Made a searching and fearless
moral inventory of ourselves.


This is January K., your leader for this quarter.

Note: I am citing page numbers in the 3rd edition of the AA Big Book. The Big Book online is the 4th editon, so the page numbers may be different. I will cite the chapter titles as a lead to the appropriate page. and provide paragraph word leads, so that you can more easily determine where you begin reading.

Step Four is perhaps the most introspective of the steps; it requires some deep thinking about things that may be painful for us. We are asked to do a searching and fearless moral inventory of ourselves, our part in things, situations, relationships (both personal and business) that have caused us trouble.

"Resentment is the 'number one' offender." (AA Big Book, 3rd edition, pg 64, HOW IT WORKS).

For some of us, we might need to get the advice of a friend or counselor as we write our inventories.

This was difficult for me, at first. I didn't want to look at my part in anything. After all, others had wronged me, and it was high time it came out! My first inventory was very brief because of my level of willingness to look at my part in anything, if applicable.

I got quite a bit touchy when my sponsor pointed out that the inventory is about me, my actions, my character flaws, my part in life choices and events. What about the parts of my life where others had greatly altered my simplest, most routine, of life choices? My sponsor pointed out that though I may not be at fault as far as a character flaw at work, I should become willing to list the event or situation, describing how I chose to overcome the adverse impact. He reminded me that a person can choose to stay in a hole, or that they can begin digging to form the footholds in the sides of the pit by which to make their way up and out. Again, even doing that much, was a process. It took several Step Fours before I could do it in the manner that he had suggested.

I have worked Step Four numerous times. It was a time-release process for me, and so it may be for you.

As far as how to do your Step Four inventory? The best reference to go by is to read the AA Big Book on pages 64-71. See the chapter entitled: HOW IT WORKS. The paragraph starts: "Therefore, we started upon a personal inventory. This was Step Four . . ." or you can also read this in the AA 12 & 12 on pages 42-45. (The Big Book is on-line at:

Since Step 4 is intense and often very private, you might want to journal in private rather than sharing such personal life details on-line. Step 4 digs deeper into the graphic details of our lives. Journaling this out upon paper, keeping our notes safe from prying eyes, is essential to making a searching and fearless moral inventory.

Please remember that an inventory simply lists things, it doesn't seek to change things at this time.

Some people carry around mini-spiral books to jot things down throughout the day as things come to mind. In Step Four you will be writing down all the things that you can remember that cause you to ache or wish you hadn't spoken or written such thoughtless words, hadn't acted out so hastily.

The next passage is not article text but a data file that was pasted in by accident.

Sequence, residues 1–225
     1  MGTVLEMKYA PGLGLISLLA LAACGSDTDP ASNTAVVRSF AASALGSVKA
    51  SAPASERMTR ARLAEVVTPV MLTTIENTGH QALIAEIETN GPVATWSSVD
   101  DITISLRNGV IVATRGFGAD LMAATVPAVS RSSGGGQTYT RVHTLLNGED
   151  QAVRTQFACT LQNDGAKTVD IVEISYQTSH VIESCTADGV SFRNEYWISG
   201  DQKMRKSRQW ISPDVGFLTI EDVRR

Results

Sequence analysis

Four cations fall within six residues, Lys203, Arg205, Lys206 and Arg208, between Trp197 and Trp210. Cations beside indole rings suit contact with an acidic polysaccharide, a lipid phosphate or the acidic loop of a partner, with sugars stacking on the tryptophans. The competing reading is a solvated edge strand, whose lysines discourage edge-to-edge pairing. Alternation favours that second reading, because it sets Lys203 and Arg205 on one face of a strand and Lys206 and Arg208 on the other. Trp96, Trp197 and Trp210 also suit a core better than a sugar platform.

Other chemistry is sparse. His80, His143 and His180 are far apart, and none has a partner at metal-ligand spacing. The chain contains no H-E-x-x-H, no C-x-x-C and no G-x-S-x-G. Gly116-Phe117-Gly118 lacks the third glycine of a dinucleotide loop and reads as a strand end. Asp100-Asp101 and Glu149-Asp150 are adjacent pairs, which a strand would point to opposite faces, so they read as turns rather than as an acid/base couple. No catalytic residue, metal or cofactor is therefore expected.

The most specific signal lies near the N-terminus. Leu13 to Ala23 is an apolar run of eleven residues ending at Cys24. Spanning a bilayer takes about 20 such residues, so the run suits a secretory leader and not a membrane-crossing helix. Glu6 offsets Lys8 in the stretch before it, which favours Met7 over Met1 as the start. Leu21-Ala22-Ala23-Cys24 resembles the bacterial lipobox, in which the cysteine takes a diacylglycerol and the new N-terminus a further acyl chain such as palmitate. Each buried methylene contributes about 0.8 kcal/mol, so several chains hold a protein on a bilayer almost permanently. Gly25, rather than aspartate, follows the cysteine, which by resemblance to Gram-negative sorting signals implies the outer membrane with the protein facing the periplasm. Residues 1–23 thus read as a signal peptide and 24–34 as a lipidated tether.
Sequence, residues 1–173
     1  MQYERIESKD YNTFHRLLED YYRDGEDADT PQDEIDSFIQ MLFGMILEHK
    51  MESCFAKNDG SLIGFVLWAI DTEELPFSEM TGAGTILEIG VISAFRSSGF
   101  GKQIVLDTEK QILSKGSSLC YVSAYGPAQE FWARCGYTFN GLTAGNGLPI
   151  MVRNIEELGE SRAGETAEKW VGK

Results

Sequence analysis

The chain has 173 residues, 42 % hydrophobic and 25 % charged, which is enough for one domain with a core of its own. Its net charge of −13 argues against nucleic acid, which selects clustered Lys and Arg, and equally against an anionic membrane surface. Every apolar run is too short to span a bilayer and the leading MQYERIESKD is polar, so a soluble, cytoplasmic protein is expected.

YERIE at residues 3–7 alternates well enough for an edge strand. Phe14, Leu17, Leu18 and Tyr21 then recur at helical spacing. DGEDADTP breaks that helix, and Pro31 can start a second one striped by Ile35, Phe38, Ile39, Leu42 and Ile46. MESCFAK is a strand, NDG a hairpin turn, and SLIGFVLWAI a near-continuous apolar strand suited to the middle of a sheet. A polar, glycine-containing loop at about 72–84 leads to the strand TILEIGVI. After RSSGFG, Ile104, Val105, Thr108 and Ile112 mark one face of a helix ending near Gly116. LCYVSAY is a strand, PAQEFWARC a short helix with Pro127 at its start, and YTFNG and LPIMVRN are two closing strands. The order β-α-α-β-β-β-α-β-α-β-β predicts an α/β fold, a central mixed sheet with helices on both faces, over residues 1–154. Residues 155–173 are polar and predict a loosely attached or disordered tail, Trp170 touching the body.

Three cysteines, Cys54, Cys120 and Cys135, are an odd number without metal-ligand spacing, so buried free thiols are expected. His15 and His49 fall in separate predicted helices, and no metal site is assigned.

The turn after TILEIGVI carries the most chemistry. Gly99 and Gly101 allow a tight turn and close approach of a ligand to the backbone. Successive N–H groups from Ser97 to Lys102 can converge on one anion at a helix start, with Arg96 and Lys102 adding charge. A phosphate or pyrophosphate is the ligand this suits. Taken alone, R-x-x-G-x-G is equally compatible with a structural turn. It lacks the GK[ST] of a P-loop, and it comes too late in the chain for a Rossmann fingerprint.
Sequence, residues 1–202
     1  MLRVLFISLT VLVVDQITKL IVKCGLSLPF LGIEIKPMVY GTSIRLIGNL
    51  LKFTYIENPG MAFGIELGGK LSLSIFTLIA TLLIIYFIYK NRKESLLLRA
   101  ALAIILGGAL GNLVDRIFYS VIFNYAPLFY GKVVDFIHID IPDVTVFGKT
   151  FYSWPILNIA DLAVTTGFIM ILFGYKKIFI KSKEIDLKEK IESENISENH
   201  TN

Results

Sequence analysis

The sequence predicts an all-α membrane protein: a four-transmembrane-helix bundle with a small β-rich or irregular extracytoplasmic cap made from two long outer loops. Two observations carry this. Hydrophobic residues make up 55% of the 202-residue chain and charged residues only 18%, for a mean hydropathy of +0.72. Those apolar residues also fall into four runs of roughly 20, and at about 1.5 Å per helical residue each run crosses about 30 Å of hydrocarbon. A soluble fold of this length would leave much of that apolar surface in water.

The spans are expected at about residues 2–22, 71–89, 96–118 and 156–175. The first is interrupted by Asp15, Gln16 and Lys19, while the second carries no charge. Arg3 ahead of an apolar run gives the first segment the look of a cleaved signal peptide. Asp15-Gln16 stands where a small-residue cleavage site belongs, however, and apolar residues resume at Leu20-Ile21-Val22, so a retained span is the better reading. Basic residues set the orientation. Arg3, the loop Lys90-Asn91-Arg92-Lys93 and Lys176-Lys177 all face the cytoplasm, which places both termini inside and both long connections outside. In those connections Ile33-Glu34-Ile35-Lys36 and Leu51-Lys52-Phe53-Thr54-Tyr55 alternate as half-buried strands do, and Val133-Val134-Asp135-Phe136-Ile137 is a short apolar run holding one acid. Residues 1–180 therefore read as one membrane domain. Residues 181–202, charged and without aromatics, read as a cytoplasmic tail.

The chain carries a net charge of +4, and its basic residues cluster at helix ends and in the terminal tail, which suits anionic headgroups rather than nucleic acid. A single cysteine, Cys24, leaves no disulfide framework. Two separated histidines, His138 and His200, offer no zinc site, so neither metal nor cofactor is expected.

By holding things in, we hurt ourselves, mindlessly, thoughtlessly--without regard for our health or well being, or others.

Again, I mention that on Step 4, it is suggested that you journal privately and keep your writings in a safe place. Keep it where no one will see. Once you have worked through this it can be discreetly discarded however you choose.

Here are some writing suggestions to get you started. These writing suggestions can be deep and graphic for some of us. If you experience strong, uncomfortable feelings, you may want to think about confiding in someone you trust as to what you are writing.

In Step Four we recall:

  • family life and relationships
  • childhood fears, fights, siblings
  • parents and their marriage example
  • sexuality, feelings about that
  • resentments about any of the above
  • life as a child
  • in junior high, high school, young adult
  • any character flaws / emotions you felt: envy, jealousy, fear, pride, lying, shame, stealing, manipulating situations and people
  • What were the highpoints of your life? (Don't forget the highpoints). This was especially helpful to remember the positive while citing the negative; it provided a much-needed counterbalance.
  • While listing your "liabilities" in life, don't forget to list your personal "assets." (My sponsor had me to list my positive character traits and where those had taken me in life).

1) How did it feel as you were recalling some of these events?

2) How do you feel now that you are through this?

3) Share with us what was most helpful to you when writing the inventory, be it a particular frame of mind, encouraging mentor or friend, or the way you able to make your inventory list.

4) Did you remember to list your character and events "assets?" How did you feel about entering this alter mood? Was it hard for you to list out positive things about yourself?

Step Three

Step Five

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